A goal is an intention you set to achieve a particular outcome. Here, in summary, is my approach to goals.
Goals on different timescales need different standards of doability, different degrees of certainty, and different depths of passion.
Long-range goals can be as pie-in-the-sky as you want, as long as you don’t believe they are literally impossible.
If you don’t know the exact steps to achieve a long-range goal, you need to be wildly passionate about it — willing to do it or die trying. This degree of passion is needed for the vaguest, most difficult goals because you really have no idea how hard they will be to achieve.
If you already know the exact steps to achieve a long-range goal, e.g., you can follow an existing plan or be mentored by someone, then you need to be sufficiently passionate about the goal to gladly devote the required portion of your life to achieving it. If the goal is on the shorter side (a month or two), this takes only deep personal interest. If it is on the longer side (seven years to get a PhD), it takes deep passion.
Long-range goals are most easily achieved by reconceiving them as a series of shorter-term “key results.” Key results are a special kind of short-term goal that can be accomplished in less than two weeks of full-time work. Key results need to be doable by you in the allotted time, but they also need to result in some kind of observable progress on the long-range end toward which they are a means. In this way, the passion for the long-range goal motivates the short-term activity. If you do not see the value connection between a key result and your long-range goal, you will have trouble motivating the day-to-day work.
Ultimately, key results are broken down into tasks. A task is a single step that takes less than two hours to complete. Because tasks are short, they can be downright unpleasant to do. But a task should not be painful, as this will kill your motivation for the long-range goal. In addition, a task needs to bring you to some kind of ending point that provides observable progress toward your key result. This is necessary so that when you complete the task, you have a true sense of accomplishment and therefore feel satisfaction and/or pride from your work.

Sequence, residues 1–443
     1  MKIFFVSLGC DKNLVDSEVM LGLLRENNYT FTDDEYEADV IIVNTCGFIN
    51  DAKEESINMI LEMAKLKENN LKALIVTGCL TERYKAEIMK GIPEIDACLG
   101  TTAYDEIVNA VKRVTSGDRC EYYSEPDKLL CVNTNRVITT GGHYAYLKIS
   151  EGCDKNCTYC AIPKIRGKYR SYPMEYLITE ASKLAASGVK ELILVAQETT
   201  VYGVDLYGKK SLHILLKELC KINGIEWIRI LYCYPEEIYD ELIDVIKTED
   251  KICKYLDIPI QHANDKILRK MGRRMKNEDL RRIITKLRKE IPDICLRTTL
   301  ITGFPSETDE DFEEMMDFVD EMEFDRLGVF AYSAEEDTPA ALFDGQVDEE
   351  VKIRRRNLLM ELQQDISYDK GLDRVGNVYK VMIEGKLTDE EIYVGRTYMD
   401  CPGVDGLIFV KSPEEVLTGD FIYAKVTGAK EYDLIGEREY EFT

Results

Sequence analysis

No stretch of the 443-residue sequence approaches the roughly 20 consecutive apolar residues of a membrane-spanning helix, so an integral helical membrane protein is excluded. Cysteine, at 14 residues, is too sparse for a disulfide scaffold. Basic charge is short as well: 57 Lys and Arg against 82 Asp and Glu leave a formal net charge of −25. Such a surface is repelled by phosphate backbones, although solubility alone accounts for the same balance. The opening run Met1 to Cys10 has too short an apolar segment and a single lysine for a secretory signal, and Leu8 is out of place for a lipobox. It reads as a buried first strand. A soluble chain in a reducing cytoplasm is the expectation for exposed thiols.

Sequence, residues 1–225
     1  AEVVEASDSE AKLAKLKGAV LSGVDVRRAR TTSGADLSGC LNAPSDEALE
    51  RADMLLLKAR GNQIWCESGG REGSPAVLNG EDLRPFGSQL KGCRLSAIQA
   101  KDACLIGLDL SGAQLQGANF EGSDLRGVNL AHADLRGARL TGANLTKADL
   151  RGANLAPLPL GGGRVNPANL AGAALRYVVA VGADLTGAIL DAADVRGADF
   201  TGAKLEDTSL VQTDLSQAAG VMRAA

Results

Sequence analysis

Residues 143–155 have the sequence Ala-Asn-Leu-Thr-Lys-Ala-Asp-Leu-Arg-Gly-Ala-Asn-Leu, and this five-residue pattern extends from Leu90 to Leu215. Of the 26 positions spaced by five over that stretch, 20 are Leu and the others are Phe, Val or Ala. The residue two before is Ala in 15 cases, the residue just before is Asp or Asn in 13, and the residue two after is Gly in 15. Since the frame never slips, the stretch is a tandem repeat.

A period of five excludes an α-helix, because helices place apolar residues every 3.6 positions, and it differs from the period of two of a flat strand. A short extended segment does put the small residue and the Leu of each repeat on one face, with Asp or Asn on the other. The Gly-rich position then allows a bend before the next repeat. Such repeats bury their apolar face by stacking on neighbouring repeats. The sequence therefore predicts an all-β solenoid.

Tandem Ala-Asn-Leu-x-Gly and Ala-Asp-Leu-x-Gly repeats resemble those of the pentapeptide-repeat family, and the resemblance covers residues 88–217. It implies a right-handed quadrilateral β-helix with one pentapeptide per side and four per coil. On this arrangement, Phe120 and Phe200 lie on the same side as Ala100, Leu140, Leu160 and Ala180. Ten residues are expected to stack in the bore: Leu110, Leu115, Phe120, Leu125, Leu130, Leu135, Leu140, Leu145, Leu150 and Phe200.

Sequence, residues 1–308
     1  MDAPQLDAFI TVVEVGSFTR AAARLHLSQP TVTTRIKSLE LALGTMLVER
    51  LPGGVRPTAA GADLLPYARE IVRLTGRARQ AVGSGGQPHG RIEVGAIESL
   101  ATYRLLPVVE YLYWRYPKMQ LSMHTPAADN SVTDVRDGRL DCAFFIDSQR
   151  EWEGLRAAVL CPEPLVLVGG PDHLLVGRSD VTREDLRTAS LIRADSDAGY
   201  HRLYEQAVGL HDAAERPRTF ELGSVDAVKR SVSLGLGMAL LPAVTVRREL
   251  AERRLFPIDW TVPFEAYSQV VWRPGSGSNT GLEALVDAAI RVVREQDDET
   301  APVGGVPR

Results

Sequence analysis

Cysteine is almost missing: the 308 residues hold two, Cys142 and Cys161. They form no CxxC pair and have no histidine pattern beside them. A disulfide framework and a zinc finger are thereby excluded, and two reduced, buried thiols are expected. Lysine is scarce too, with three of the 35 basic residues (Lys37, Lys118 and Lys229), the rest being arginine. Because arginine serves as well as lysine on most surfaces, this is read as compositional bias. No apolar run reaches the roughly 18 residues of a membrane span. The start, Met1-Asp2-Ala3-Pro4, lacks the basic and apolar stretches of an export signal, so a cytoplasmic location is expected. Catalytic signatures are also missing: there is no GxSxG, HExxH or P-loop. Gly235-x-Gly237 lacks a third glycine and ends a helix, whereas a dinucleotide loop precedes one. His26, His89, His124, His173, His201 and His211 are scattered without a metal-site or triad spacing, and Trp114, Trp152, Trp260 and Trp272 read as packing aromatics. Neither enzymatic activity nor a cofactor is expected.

If you had only one goal, the discussion might end here. But we all have multiple goals. Thus, there is an omnipresent need to prioritize specific tasks.
Many motivational problems are eliminated by setting goals on every time scale correctly. If you are passionate about your long-range goals, that motivation will flow into the key results and then into day-to-day tasks. You will (mostly) want to do the most important work.
However, sometimes you will not be motivated to do a particular task or you will feel conflict between tasks related to different long-range goals. In these cases, you need to manage your motivation. Some people think this means using “willpower” to “just do it.” Others think it means waiting “to do it” until you are “in the mood.” Neither of these approaches is practical in the long term, since one leads to burnout and the other leads to avoiding unpleasant tasks.
More importantly, both approaches sabotage your value hierarchy instead of strengthening it. They undermine your integrity.
If you want an integrated set of values that motivate you to achieve ambitious goals, you can neither deny nor ignore the emotions that underlie a conflict. Those emotions are alerts to your values. There may be some mistakes in the evaluations that give rise to them, but you need to identify and honor the values, one way or another.
That’s why I teach a value-honoring approach to managing motivation such that you are willing to do important but unpleasant tasks. The method has three parts:
a) You develop individualized systems and daily habits that make key routine activities easy and inevitable for you. Over time, they also become pleasant.
b) You use introspective skills to cope in the moment with unexpected resistance, disappointment, and conflict. As you get good at this, you can eliminate much unpleasantness from most tasks.
c) When you lack desire or confidence to take a specific action, you learn how to activate a generalized self-confidence rather than applying pressure. This learnable skill allows you to draw on your own deep values for motivation, strengthen your chosen values, and get real-world information that in turn helps to clarify your values, goals, and purpose.
Yes, this is complex. But it can be summed up in one sentence: If you want to achieve long-range goals, integrate your goals on every time scale into a consistent hierarchy, guided by your deepest values.
Setting goals is extremely important for success. But it’s not a silver bullet. Different people need different skills to follow through on their goals. And they are all learnable skills.